Rutgers University goes first with Veterans Transition to Civilian Life at Rutgers.
When you've handled life and death in war, an exam in the classroom doesn't seem like such a big deal. But some veterans say succeeding in classes and fitting in were their biggest concerns when they came to Rutgers as nontraditional students. "Everyone has said 'thank you' and that is a huge thing," one veteran said. "It goes miles with us vets."Here's the article that goes with it.
Rutgers University: Veterans Transition to Civilian Life at Rutgers
Rutgers student Juan Hernandez was one of first U.S. forces to touch down for Benghazi evacuation
Monday, November 11, 2013
By Fredda Sacharow
'The reality check of being in a third-world country was stark. Even the simple task of looking for clean water becomes an ordeal.' – Juan HernandezFollow over the jump for more from Rutgers and other campuses on the campaign trail I originally included in Overnight News Digest: Science Saturday (Super Typhoon Haiyan) with a bonus video from Overnight News Digest: Science Saturday (ACA and shutdown on campus) that I've been saving for the right occasion.
November 28 will mark Juan Hernandez‘s first Thanksgiving home after three years of active military duty with the U.S. Air Force, and he can practically taste his Mexican-born mother’s signature chicken tamales.
During his service abroad, the Rutgers student helped in the mission to bring American Foreign Service workers home from Benghazi after the deadly 2012 attack on their compound. He took part in humanitarian projects in Africa, dropping water bottles in Mali and Ethiopia to ensure residents had safe drinking water at hand. He trained forces in Ghana.
Now Hernandez is anticipating a series of firsts in the coming months: first birthday home after lengthy postings in Spain, Germany and Africa; first Christmas and New Year’s out of the military; and even today, his first Veterans Day as a veteran.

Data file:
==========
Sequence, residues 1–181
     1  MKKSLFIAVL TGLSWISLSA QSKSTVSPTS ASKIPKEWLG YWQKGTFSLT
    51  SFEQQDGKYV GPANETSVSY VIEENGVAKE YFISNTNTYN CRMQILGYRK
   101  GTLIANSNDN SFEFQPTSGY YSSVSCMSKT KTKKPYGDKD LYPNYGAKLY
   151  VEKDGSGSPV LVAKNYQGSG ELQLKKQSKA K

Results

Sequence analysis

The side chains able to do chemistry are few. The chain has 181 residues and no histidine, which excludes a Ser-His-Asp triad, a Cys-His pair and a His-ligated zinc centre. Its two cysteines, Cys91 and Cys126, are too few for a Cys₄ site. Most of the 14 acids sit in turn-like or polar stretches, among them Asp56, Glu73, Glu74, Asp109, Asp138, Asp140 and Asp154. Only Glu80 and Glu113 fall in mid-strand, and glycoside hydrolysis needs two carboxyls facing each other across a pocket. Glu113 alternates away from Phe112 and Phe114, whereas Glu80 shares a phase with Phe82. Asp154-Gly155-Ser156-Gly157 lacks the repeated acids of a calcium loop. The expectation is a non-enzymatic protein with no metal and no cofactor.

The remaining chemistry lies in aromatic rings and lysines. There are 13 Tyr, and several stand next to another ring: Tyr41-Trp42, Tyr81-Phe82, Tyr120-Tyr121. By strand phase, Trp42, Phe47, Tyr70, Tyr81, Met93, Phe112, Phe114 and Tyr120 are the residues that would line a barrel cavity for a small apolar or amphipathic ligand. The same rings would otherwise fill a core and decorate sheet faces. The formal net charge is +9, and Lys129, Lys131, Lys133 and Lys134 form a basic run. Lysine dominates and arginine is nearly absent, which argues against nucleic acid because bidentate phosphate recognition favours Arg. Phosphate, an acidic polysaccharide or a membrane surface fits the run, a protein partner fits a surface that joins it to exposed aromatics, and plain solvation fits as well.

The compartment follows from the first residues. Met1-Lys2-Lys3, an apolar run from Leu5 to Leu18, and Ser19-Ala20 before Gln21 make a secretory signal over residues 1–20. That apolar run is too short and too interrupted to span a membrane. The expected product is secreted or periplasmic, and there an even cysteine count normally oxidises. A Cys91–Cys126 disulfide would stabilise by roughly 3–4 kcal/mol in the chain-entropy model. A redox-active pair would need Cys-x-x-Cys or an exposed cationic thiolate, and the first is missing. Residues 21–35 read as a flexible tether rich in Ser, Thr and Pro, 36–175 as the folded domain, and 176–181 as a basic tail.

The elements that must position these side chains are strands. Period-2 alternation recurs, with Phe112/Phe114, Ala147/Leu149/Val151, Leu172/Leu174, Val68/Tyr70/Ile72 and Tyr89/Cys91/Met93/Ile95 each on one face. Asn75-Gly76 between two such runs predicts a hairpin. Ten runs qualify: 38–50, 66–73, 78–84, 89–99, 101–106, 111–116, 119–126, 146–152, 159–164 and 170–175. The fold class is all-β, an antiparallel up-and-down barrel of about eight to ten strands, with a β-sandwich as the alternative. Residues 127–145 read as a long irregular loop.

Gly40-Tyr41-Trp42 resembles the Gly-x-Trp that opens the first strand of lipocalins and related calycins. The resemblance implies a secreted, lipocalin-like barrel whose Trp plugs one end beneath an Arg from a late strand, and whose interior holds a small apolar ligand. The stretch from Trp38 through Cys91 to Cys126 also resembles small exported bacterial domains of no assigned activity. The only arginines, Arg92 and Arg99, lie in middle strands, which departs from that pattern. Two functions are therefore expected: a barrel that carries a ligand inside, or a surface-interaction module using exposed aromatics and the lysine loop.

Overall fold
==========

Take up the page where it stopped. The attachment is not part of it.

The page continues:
In his first semester at Rutgers’ School of Management and Labor Relations, where he’s majoring in both human resource management and labor studies, Hernandez says thoughts of home and family were never far from his mind throughout his years overseas.
Rutgers University: Rutgers Graduate Serves Fellow Veterans as Case Manager for 'Soldier On'
Tina Mikes works with nonprofit organization to keep veterans from becoming homeless
Tuesday, November 5, 2013
As Tina Mikes recalls, she had her “a-ha moment” in 2010, while working in Camden as a quality-assurance manager for the decennial U.S. census.Rutgers University: Higher Ed through a Veteran Perspective to be Explored during Rutgers Law–Camden Symposium Nov. 13
As part of her responsibilities, the Rutgers–Camden graduate had to count the homeless population living in “tent city,” a homeless encampment located beside I-676 near the 5A exit. Arriving there late one evening, she was introduced to Lorenzo Banks, the camp’s self-appointed mayor, who agreed to assist her. Mikes asked for his identification card and, to her surprise, discovered that – just like her – he was a United States veteran. The two struck up conversation, and she informed him of the programs and services that are available for homeless veterans.